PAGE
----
The people they had been last summer, the person she had been–Dicey guessed she’d never be afraid again, not the way she had been all summer. She had taken care of them all, sometimes well, sometimes badly. And they had covered the distances. For most of the summer, they had been unattached. Nobody knew who they were or what they were doing. It didn’t matter what they did, as long as they all stayed together. Dicey remembered that feeling, of having things pretty much her own way. And she remembered the feelings of danger. It was a little bit like being a wild animal, she thought to herself. Dicey missed that wildness. She knew she would never have it again. And she missed the sense of Dicey Tillerman against the whole world and doing all right.
Well, you could rejuvenate a man like a tree. Cut off bad memories of him, scrape off all pain, all disappointments, like dead tissue; cut off mistakes, stupid decisions, mistakes, x-ray thoughts. And that it could be done after each winter so that the new year could come clean and innocent. We know—one of the following winters will kill us.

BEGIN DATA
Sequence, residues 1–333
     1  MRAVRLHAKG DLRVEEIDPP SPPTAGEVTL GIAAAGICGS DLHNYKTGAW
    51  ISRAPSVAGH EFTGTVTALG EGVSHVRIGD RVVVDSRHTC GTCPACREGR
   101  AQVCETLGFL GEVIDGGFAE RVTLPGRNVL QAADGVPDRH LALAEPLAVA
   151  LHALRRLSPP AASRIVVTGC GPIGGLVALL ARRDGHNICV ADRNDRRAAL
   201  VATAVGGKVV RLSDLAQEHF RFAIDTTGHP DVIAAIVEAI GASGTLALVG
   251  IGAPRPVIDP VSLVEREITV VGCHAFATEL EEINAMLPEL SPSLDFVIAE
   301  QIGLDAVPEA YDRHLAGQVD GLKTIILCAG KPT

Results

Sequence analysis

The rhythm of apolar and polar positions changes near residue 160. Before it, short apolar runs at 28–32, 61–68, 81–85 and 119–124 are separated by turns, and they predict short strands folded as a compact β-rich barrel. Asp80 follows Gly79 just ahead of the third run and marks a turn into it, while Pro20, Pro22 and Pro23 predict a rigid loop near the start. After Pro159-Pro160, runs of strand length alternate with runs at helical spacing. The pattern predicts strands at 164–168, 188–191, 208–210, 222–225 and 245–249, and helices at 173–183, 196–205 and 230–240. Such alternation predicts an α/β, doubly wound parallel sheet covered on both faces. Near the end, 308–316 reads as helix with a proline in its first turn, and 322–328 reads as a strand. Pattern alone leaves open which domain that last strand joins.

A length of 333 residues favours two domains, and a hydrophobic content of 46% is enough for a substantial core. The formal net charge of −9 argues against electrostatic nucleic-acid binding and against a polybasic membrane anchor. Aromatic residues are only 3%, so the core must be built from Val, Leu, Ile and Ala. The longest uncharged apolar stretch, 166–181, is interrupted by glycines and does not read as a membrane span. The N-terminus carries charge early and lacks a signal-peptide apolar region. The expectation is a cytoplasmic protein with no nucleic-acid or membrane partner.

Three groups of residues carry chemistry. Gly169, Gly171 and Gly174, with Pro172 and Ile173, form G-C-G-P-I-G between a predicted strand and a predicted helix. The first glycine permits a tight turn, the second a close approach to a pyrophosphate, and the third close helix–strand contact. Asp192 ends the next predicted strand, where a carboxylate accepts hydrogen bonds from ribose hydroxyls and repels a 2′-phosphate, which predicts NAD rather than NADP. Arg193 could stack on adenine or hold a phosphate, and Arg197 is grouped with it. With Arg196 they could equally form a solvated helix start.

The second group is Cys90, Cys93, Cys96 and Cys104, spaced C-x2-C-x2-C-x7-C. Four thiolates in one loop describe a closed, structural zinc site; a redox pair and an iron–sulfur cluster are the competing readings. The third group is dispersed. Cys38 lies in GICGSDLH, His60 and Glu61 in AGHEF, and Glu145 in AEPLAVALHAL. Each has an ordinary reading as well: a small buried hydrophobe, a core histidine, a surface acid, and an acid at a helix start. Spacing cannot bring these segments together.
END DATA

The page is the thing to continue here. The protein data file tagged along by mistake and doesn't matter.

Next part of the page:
In this one life, this one life that you have to live, you must embrace every moment that creeps into your existence. You must feel every possible emotion to realize you’re really alive, you’re really living. If you build walls and you hide behind them in fear, you’re not embracing moments, you’re not actually living.